To William Simpson, Ochiltree.

A poem by Robert Burns

May, 1785.

I gat your letter, winsome Willie;
Wi' gratefu' heart I thank you brawlie;
Tho' I maun say't, I wad be silly,
An' unco vain,
Should I believe, my coaxin' billie,
Your flatterin' strain.

But I'se believe ye kindly meant it,
I sud be laith to think ye hinted
Ironic satire, sidelins sklented
On my poor Musie;
Tho' in sic phraisin' terms ye've penn'd it,
I scarce excuse ye.

My senses wad be in a creel,
Should I but dare a hope to speel,
Wi' Allan, or wi' Gilbertfield,
The braes o' fame;
Or Fergusson, the writer chiel,
A deathless name.

(O Fergusson! thy glorious parts
Ill suited law's dry, musty arts!
My curse upon your whunstane hearts,
Ye Enbrugh gentry!
The tythe o' what ye waste at cartes
Wad stow'd his pantry!)

Yet when a tale comes i' my head,
Or lasses gie my heart a screed,
As whiles they're like to be my dead
(O sad disease!)
I kittle up my rustic reed,
It gies me ease.

Auld Coila, now, may fidge fu' fain,
She's gotten poets o' her ain,
Chiels wha their chanters winna hain,
But tune their lays,
Till echoes a' resound again
Her weel-sung praise.

Nae poet thought her worth his while,
To set her name in measur'd stile;
She lay like some unkenn'd-of isle
Beside New-Holland,
Or whare wild-meeting oceans boil
Besouth Magellan.

Ramsay an' famous Fergusson
Gied Forth and Tay a lift aboon;
Yarrow an' Tweed, to monie a tune,
Owre Scotland rings,
While Irwin, Lugar, Ayr, an' Doon,
Nae body sings.

Th' Ilissus, Tiber, Thames, an' Seine,
Glide sweet in monie a tunefu' line!
But, Willie, set your fit to mine,
An' cock your crest,
We'll gar our streams an' burnies shine
Up wi' the best.

We'll sing auld Coila's plains an' fells,
Her moor's red-brown wi' heather bells,
Her banks an' braes, her dens an' dells,
Where glorious Wallace
Aft bure the gree, as story tells,
Frae southron billies.

At Wallace' name, what Scottish blood
But boils up in a spring-tide flood!
Oft have our fearless fathers strode
By Wallace' side,
Still pressing onward, red-wat shod,
Or glorious dy'd.

O sweet are Coila's haughs an' woods,
When lintwhites chant amang the buds,
And jinkin' hares, in amorous whids
Their loves enjoy,
While thro' the braes the cushat croods
With wailfu' cry!

Ev'n winter bleak has charms to me
When winds rave thro' the naked tree;
Or frosts on hills of Ochiltree
Are hoary gray:
Or blinding drifts wild-furious flee,
Dark'ning the day.

O Nature! a' thy shews an' forms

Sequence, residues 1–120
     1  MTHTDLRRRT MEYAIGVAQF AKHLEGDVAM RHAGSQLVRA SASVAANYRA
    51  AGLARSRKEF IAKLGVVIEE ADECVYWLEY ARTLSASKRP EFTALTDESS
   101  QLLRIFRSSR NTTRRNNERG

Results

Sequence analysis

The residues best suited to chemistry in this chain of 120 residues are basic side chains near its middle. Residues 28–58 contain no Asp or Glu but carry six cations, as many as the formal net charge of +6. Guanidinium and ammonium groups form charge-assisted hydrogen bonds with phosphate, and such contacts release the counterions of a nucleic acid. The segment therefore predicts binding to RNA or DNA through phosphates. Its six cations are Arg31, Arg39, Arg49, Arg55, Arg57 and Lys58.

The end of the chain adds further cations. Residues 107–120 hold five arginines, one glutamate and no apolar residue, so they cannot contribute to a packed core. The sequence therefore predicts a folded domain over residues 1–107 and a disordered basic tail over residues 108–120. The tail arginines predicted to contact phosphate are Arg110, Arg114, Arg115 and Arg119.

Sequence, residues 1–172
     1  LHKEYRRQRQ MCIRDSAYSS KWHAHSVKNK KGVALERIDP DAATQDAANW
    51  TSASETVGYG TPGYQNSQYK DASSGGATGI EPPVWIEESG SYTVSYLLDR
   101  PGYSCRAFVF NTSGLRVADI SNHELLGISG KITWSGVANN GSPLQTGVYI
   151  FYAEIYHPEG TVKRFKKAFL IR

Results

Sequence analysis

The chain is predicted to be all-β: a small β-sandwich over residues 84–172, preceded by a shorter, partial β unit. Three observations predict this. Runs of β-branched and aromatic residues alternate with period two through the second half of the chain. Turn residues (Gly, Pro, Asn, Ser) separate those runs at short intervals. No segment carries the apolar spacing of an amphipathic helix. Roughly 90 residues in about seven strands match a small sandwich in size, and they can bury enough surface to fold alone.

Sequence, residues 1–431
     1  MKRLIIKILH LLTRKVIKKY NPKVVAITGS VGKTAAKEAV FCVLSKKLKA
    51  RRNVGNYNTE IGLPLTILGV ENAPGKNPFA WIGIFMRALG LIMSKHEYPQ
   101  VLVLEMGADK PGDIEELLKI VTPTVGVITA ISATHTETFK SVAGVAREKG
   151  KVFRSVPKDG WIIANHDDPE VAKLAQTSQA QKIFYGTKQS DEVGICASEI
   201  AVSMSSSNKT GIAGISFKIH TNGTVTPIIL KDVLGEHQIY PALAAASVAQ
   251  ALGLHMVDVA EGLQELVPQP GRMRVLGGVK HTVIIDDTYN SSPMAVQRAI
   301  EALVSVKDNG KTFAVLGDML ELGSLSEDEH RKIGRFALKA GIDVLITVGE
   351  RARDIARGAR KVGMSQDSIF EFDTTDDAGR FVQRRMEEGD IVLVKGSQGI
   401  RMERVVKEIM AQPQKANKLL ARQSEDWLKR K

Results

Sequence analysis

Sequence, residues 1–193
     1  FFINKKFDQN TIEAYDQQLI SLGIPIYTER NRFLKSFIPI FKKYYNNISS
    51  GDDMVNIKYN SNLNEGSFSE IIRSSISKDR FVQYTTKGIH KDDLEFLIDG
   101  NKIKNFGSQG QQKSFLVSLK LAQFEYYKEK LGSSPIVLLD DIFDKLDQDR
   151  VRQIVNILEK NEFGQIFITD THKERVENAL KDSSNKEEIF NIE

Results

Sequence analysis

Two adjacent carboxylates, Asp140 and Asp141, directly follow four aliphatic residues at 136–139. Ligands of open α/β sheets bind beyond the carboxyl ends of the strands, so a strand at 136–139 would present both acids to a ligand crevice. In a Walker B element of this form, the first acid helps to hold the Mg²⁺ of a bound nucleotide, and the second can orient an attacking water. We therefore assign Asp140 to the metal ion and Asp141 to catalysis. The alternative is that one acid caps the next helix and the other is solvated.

To feeling, pensive hearts hae charms!
Whether the summer kindly warms,
Wi' life an' light,
Or winter howls, in gusty storms,
The lang, dark night!

The muse, nae Poet ever fand her,
'Till by himsel' he learn'd to wander,
Adown some trotting burn's meander,
An' no think lang;
O sweet, to stray an' pensive ponder
A heart-felt sang!

The warly race may drudge an' drive,
Hog-shouther, jundie, stretch an' strive,
Let me fair Nature's face descrive,
And I, wi' pleasure,
Shall let the busy, grumbling hive
Bum owre their treasure.

Fareweel, my "rhyme-composing brither!"
We've been owre lang unkenn'd to ither:
Now let us lay our heads thegither,
In love fraternal;
May envy wallop in a tether,
Black fiend, infernal!

While Highlandmen hate tolls an' taxes;
While moorlan' herds like guid fat braxies;
While terra firma, on her axes
Diurnal turns,
Count on a friend, in faith an' practice,
In Robert Burns.


My memory's no worth a preen:
I had amaist forgotten clean,
Ye bade me write you what they mean,
By this New Light,
'Bout which our herds sae aft hae been,
Maist like to fight.

In days when mankind were but callans,
At grammar, logic, an' sic talents,
They took nae pains their speech to balance,
Or rules to gie,
But spak their thoughts in plain, braid Lallans,
Like you or me.

In thae auld times, they thought the moon,
Just like a sark, or pair o' shoon,
Wore by degrees, 'till her last roon,
Gaed past their viewing,
An' shortly after she was done,
They gat a new one.

This past for certain, undisputed;
It ne'er cam i' their heads to doubt it,
'Till chiels gat up an' wad confute it,
An' ca'd it wrang;
An' muckle din there was about it,
Baith loud an' lang.

Some herds, weel learn'd upo' the beuk,
Wad threap auld folk the thing misteuk;
For 'twas the auld moon turned a neuk,
An' out o' sight,
An' backlins-comin', to the leuk,
She grew mair bright.

This was deny'd, it was affirm'd;
The herds an' hissels were alarm'd:
The rev'rend gray-beards rav'd and storm'd
That beardless laddies
Should think they better were inform'd
Than their auld daddies.

Frae less to mair it gaed to sticks;
Frae words an' aiths to clours an' nicks,
An' monie a fallow gat his licks,
Wi' hearty crunt;
An' some, to learn them for their tricks,
Were hang'd an' brunt.

This game was play'd in monie lands,
An' Auld Light caddies bure sic hands,
That, faith, the youngsters took the sands
Wi' nimble shanks,
'Till lairds forbade, by strict commands,
Sic bluidy pranks.

But New Light herds gat sic a cowe,
Folk thought them ruin'd stick-an'-stowe,
Till now amaist on every knowe,
Ye'll find ane plac'd;
An' some their New Light fair avow,
Just quite barefac'd.

Nae doubt the Auld Light flocks are bleatin';
Their zealous herds are vex'd an' sweatin':
Mysel', I've even seen them greetin'
Wi' girnin' spite,
To hear the moon sae sadly lie'd on
By word an' write.

But shortly they will cowe the loons;
Some Auld Light herds in neibor towns
Are mind't in things they ca' balloons,
To tak a flight,
An' stay ae month amang the moons
And see them right.

Guid observation they will gie them:
An' when the auld moon's gaun to lea'e them,
The hindmost shaird, they'll fetch it wi' them,
Just i' their pouch,
An' when the New Light billies see them,
I think they'll crouch!

Sae, ye observe that a' this clatter
Is naething but a "moonshine matter;"
But tho' dull prose-folk Latin splatter
In logic tulzie,
I hope we bardies ken some better
Than mind sic brulzie.

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